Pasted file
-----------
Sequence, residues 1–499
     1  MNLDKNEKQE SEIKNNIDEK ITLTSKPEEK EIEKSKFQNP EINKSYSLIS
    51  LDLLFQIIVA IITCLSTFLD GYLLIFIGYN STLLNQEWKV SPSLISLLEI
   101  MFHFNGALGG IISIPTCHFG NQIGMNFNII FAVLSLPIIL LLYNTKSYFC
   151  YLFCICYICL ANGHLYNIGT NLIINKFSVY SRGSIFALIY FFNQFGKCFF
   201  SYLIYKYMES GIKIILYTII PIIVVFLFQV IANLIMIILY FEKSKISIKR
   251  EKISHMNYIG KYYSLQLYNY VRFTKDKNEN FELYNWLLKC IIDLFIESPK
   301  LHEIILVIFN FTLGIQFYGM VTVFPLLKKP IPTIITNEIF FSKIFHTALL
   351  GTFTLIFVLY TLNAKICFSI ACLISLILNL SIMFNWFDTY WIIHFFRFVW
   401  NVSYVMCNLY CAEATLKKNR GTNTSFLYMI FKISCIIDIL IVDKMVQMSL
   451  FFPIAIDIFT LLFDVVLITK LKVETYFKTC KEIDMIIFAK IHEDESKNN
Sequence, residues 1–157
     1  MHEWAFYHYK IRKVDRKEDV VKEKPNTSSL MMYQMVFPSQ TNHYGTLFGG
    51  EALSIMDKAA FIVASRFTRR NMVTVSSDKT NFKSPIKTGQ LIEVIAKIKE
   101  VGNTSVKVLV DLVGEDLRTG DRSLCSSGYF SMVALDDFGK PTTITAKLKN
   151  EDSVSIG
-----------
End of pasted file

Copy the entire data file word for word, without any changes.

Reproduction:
Sequence, residues 1–499
     1  MNLDKNEKQE SEIKNNIDEK ITLTSKPEEK EIEKSKFQNP EINKSYSLIS
    51  LDLLFQIIVA IITCLSTFLD GYLLIFIGYN STLLNQEWKV SPSLISLLEI
   101  MFHFNGALGG IISIPTCHFG NQIGMNFNII FAVLSLPIIL LLYNTKSYFC
   151  YLFCICYICL ANGHLYNIGT NLIINKFSVY SRGSIFALIY FFNQFGKCFF
   201  SYLIYKYMES GIKIILYTII PIIVVFLFQV IANLIMIILY FEKSKISIKR
   251  EKISHMNYIG KYYSLQLYNY VRFTKDKNEN FELYNWLLKC IIDLFIESPK
   301  LHEIILVIFN FTLGIQFYGM VTVFPLLKKP IPTIITNEIF FSKIFHTALL
   351  GTFTLIFVLY TLNAKICFSI ACLISLILNL SIMFNWFDTY WIIHFFRFVW
   401  NVSYVMCNLY CAEATLKKNR GTNTSFLYMI FKISCIIDIL IVDKMVQMSL
   451  FFPIAIDIFT LLFDVVLITK LKVETYFKTC KEIDMIIFAK IHEDESKNN
Sequence, residues 1–157
     1  MHEWAFYHYK IRKVDRKEDV VKEKPNTSSL MMYQMVFPSQ TNHYGTLFGG
    51  EALSIMDKAA FIVASRFTRR NMVTVSSDKT NFKSPIKTGQ LIEVIAKIKE
   101  VGNTSVKVLV DLVGEDLRTG DRSLCSSGYF SMVALDDFGK PTTITAKLKN
   151  EDSVSIG